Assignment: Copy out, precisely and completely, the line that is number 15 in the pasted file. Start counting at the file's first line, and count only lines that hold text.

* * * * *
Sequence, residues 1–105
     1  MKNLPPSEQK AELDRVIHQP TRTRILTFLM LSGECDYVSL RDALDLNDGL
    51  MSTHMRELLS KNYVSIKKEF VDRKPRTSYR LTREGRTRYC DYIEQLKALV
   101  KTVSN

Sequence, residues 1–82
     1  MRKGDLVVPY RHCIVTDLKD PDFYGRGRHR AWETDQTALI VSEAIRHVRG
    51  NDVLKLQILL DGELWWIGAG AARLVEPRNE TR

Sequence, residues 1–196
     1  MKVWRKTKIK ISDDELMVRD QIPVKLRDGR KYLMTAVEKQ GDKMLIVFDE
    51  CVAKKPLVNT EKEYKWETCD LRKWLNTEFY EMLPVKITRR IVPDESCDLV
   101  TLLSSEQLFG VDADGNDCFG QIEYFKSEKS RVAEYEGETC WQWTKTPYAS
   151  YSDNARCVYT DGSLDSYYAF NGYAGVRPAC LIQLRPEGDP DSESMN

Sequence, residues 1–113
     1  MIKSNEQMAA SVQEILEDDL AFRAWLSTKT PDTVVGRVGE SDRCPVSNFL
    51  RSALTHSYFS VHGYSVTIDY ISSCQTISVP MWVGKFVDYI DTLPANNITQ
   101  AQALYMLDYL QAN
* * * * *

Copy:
    51  RSALTHSYFS VHGYSVTIDY ISSCQTISVP MWVGKFVDYI DTLPANNITQ